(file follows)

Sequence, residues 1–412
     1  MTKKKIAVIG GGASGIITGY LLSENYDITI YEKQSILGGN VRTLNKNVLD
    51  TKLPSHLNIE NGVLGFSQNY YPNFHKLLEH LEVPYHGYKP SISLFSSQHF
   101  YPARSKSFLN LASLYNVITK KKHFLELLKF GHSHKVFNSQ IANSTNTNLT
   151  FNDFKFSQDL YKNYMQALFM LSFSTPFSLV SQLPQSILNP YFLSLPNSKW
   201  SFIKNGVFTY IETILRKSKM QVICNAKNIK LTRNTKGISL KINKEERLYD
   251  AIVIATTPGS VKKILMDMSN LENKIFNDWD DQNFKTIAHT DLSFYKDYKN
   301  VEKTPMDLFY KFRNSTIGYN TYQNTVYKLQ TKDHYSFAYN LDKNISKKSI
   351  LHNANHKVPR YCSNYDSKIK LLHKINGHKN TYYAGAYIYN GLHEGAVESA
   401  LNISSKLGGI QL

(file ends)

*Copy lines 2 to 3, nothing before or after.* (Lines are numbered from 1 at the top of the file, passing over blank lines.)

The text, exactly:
     1  MTKKKIAVIG GGASGIITGY LLSENYDITI YEKQSILGGN VRTLNKNVLD
    51  TKLPSHLNIE NGVLGFSQNY YPNFHKLLEH LEVPYHGYKP SISLFSSQHF